So Why DOES Canada have Scarcer Access to Rare Disease Therapies?

According to a story from CheckOrphan, Durhane Wong-Rieger, the CEO of the Canadian Organization for Rare Disorders, says that the Canadian health system has been letting down the roughly three million Canadians that live with rare diseases.

The Canadian health system, while generally good for people with common illnesses, still has some fundamental weaknesses that have yet to be resolved. Firstly, it is among the most expensive on the planet, with only Switzerland and the US costing more. In addition, while care from hospitals and physicians is universally covered, therapies are not. About two percent of the population lack coverage for therapies and about ten percent are inadequately covered.

The incomplete coverage of therapies is a major weakness for rare disease patients, who often have to pay for exceptionally expensive medications already; not having coverage can make this even more of a financial burden. Another criticism from Durhane is the fact that Canada has not passed any orphan drugs laws. These laws provide incentives for drug developers to create medications that treat rare diseases.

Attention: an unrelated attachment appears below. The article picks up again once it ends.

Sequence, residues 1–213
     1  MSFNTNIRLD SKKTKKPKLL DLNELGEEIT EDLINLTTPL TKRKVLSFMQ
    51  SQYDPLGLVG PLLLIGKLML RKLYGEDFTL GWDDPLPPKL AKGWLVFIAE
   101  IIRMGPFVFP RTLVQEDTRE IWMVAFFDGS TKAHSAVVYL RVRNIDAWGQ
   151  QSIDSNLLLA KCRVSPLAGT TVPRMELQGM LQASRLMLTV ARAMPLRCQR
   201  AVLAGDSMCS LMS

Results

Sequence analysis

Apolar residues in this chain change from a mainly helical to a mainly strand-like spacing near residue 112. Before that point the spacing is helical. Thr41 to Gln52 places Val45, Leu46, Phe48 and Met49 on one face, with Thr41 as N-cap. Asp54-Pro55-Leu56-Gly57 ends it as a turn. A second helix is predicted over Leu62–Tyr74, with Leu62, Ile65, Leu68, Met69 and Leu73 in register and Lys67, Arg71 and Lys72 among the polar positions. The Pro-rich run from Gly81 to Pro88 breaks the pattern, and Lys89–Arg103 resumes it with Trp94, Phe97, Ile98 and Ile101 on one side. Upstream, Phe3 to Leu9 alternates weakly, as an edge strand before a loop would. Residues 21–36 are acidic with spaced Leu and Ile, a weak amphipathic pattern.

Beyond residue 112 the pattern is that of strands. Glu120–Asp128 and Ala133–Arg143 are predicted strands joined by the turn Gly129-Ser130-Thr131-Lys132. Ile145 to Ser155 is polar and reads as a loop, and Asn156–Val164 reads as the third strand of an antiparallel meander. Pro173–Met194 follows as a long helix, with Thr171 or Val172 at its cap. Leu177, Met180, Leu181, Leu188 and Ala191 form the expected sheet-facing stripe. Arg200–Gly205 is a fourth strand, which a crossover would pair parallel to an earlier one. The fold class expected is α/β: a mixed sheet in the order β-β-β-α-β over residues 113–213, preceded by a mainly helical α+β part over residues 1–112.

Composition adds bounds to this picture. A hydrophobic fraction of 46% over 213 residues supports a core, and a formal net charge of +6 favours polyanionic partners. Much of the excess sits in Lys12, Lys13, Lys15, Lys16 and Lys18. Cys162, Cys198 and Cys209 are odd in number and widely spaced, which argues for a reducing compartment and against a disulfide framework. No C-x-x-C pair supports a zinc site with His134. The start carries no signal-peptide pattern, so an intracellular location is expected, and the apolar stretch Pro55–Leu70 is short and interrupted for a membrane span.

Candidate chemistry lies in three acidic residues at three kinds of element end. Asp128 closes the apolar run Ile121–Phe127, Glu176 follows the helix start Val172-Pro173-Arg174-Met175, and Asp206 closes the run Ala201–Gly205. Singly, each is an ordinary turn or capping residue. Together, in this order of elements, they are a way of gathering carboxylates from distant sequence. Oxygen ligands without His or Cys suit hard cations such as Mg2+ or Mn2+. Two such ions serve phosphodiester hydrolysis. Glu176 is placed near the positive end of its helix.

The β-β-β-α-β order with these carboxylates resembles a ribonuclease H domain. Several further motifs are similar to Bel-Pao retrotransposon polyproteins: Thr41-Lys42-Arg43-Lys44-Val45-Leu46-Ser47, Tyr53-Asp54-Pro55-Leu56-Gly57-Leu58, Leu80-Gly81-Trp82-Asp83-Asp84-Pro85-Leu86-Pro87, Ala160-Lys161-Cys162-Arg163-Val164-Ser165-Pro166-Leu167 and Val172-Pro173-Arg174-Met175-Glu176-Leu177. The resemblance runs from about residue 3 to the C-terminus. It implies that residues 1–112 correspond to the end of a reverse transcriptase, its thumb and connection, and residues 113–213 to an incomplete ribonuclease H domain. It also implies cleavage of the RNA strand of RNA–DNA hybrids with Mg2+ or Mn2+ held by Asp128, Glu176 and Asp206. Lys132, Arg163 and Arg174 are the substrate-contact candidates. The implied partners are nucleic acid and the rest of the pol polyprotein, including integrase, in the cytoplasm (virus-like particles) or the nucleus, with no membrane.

While the legal framework for such a law has been around for some time, it has been hung up on the provincial levels, mainly due to budget concerns. 1 in 12 Canadians have a rare disease, and about two thirds of these patients are children.

Despite the fact that rare diseases as a whole actually affect more people in Canada than cardiovascular illness, diabetes, and even cancer, far less effort has been made to help address the challenge that they pose. There are a number of rare diseases that seem to be particularly prominent in Canada, such as multiple sclerosis, cystic fibrosis, Fabry disease, and spinal muscular atrophy.

Spinal muscular atrophy (SMA) is particularly a problem, because the main drug for it, called Spinraza, has only been approved for type 1, which affects patients under 7 months old. If your SMA started later than 7 months, you are currently out of luck.

Access is the biggest challenge facing rare disease patients in Canada. CORD has issues several guidelines outlining how Canada can address the issue.

  1. Improvements to detecting rare diseases early and preventing it when possible

  2. Provide fair, timely, and scientifically backed care

  3. Work towards the development of more community support

  4. Promoting potentially innovative research

  5. Providing stable, sustainable access to effective therapies


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